A windgram is a forecast for a single spot on the map over the course of the day
and shows several things about what is expected to happen.
The vertical axis is the altitude above the ground, while the horizontal axis is time of day.
Wind-Barbs show wind speed and direction. Color shows the lapse rate, or rate of change of temperature with altitude. The numbers at the top show the expected
upward velocity of thermals at the time where time is on the bottom axis.
The little paragliders show how high a 225fpm sink rate glider can expect to get, while the clouds show where any cumulus clouds would form if there is enough moisture.. The temperature is shown on contour lines with freezing level represented as snowflakes.
All these things are superimposed on the height by time graph.
In this legend, all wind barbs are for wind from the West.
show wind speed and direction.
Speed is in knots. The green color is given to wind barbs that represent less than 9 knots, so single barbs that range from
7.5-12.5 knots are green up to 9 knots,the low end of the range
and white above 9 knots, in the high end.
The feathers are where the wind is coming from
the skinny end is where it is going.
Backround colors represent the "local" lapse rate at each time and altitude in C°/1000ft.
For those familiar with soundings, the color represents the slope of the red temperature line.
The lapse rate is change in temp / change in altitude as we go up.
Most foot-launch soaring happens in the range where windgrams are pink or orange.
Although we do often fly when the lowest levels are red.
(higher altitude temp) - (lower altitude temp)
(thousands of feet between them).
If it's warmer than it should be up high, stable air happens.
If it's lots colder than it should be up high and moist enough, thunderstorms happen.
Most flyable days are in between the two extremes.
The Standard lapse rate is -2.0 C° per 1000 feet — — -3.6F° per 1000 feet, considered the rule of thumb for marginally stable air.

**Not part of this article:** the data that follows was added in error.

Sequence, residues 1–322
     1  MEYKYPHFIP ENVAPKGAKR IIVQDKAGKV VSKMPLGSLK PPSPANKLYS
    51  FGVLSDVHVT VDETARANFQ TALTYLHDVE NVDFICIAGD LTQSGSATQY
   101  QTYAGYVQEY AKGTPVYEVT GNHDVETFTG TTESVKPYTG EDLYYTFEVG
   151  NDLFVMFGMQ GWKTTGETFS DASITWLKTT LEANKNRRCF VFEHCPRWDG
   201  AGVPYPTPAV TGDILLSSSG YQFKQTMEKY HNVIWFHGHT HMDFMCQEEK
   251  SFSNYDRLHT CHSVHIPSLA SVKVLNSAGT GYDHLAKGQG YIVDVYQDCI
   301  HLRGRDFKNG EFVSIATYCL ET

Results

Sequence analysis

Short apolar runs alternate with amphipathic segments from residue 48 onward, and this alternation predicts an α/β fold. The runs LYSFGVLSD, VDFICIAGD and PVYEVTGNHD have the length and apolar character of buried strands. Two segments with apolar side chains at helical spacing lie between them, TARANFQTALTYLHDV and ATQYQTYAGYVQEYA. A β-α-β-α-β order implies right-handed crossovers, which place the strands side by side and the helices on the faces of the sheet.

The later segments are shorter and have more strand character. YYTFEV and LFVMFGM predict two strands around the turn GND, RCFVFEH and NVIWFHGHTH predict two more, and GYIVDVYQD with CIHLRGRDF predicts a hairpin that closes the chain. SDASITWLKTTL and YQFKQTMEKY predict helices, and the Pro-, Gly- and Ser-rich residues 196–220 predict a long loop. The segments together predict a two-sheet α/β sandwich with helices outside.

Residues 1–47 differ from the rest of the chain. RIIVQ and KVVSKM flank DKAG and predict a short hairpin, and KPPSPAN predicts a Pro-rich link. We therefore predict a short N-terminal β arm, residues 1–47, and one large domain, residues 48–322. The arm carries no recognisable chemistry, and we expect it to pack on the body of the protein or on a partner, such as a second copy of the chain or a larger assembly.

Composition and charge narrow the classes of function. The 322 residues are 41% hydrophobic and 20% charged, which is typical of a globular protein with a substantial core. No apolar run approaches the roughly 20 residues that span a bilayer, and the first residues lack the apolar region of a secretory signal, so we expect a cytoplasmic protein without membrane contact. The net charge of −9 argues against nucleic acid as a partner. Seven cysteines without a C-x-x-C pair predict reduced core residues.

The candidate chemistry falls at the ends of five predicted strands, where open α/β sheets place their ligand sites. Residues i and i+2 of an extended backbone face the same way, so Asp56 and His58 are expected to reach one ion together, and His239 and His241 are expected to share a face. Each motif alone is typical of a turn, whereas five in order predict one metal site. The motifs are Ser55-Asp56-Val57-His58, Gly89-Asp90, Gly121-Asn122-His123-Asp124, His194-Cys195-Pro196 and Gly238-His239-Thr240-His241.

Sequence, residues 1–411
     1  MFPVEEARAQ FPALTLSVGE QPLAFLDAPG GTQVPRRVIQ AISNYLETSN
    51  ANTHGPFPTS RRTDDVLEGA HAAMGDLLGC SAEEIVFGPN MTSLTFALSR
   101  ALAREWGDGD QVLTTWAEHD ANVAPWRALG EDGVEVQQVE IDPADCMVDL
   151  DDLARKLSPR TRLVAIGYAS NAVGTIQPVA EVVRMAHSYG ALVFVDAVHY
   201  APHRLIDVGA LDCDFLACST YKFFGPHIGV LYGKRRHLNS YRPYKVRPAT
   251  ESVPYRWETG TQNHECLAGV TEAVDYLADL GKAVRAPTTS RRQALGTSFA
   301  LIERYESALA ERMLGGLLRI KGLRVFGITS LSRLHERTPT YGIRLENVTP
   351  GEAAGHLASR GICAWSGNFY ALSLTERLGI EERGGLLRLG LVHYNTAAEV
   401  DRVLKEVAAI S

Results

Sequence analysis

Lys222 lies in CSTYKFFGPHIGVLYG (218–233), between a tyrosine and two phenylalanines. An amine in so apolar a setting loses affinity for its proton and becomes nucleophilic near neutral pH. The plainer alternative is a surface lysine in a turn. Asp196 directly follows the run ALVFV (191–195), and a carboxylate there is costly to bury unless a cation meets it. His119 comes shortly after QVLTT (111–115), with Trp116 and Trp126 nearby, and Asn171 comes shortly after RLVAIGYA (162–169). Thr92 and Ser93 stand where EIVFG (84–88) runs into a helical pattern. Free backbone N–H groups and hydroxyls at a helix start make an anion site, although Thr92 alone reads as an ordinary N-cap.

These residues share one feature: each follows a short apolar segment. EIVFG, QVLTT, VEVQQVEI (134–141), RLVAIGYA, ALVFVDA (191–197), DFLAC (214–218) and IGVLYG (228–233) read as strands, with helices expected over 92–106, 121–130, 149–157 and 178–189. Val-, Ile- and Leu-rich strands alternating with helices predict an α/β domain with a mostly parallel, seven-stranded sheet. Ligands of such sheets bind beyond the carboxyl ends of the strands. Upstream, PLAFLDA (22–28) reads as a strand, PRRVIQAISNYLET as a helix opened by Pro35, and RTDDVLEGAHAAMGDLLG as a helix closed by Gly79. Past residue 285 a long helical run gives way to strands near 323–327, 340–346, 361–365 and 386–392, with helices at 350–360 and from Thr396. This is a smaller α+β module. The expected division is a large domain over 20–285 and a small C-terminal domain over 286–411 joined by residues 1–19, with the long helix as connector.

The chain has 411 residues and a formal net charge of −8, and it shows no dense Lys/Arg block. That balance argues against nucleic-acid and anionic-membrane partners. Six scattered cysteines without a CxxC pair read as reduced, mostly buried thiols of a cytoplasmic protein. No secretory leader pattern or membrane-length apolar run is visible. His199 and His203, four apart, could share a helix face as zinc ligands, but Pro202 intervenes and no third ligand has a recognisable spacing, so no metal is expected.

In terms of a foot-launch site, if the launch is 2000 feet above the LZ, the standard lapse rate would mean that the air temperature at launch is 4.0C° cooler than at the LZ. If it is cooler than that, you can expect thermals. If it is more than 6C° cooler than the LZ at launch, you can expect strong thermals. During the course of a day, the warm air at the base mixes with the cooler air above. While the sun is out, the surface air keeps getting enough hotter that it still rises through the mixed air. At sites near water, the cooling effect of the water will change the way this happens, decreasing the thermals when the air is warmer than the water, and increasing them when the air is significantly cooler than the water.
The atmosphere is
Thermal soaring can happen
The Atmosphere is
Thermal soaring will not normally happen. (see discussion of the CAP below)
The Atmosphere is Inverted
Thermal soaring will not happen.
When the lapse is more negative than
the near constant
dry adiabatic lapse rate
-3 C°/1000ft) or
When the lapse rate is between
-9.8 C/km and
-3 C°/1000ft and -1.2 C°/1000ft
-5.5 F°/1000' and
When the lapse rate
is still negative but a
smaller magnitude than
When the lapse rate
is positive, that is
when the higher level
air is warmer than the
We don't need completely unstable air to fly!
Note that when the weather forecasters talk about unstable air,
they are indicating that it is unstable enough for rain to be likely.
Overall stability will depend on moisture content. More moisture → less cooling as the air rises → increasing instability.
To think about thermal soaring, remember that the higher the lapse rate the smaller
the heating or mechanical trigger required to get air to start rising.
It cools as it rises and expands to lower pressure.
Once rising, it will rise until it reaches either the level where its temperature matches the surrounding air, or
where the temperature has dropped to the dew point and clouds form. Once a cloud forms, the condensation process
generates additional heating allowing the clouds to billow up further.
These are our favorite cumulus clouds aka Cums, Cus, or Qs and indicate
the top of a column of rising air.
Layers of air where the lapse rate becomes stable are called caps. When there is no cap,
the billowing clouds become self-sustaining and can become rain or thunderstorm clouds.
Windgrams do an excellent job of showing where the cap is at any given time of day.
In the summer, the cap will typically rise during the hotest part of the day and then descend again later.
It is rare to ride a thermal as high as the cap, but it is possible for strong thermals
to "break through" a cap and soaring can continue to much higher altitudes.
There is often considerable turbulence associated with breaking through a cap. Moist thermals that
are forming clouds that manage to break through the cap often form rain and thunder clouds.
Numbers at the top are the W* or the expected Thermal updraft velocity in meters/second (1m/s ~= 200ft/min) without cloudsuck or ridgelift at that time.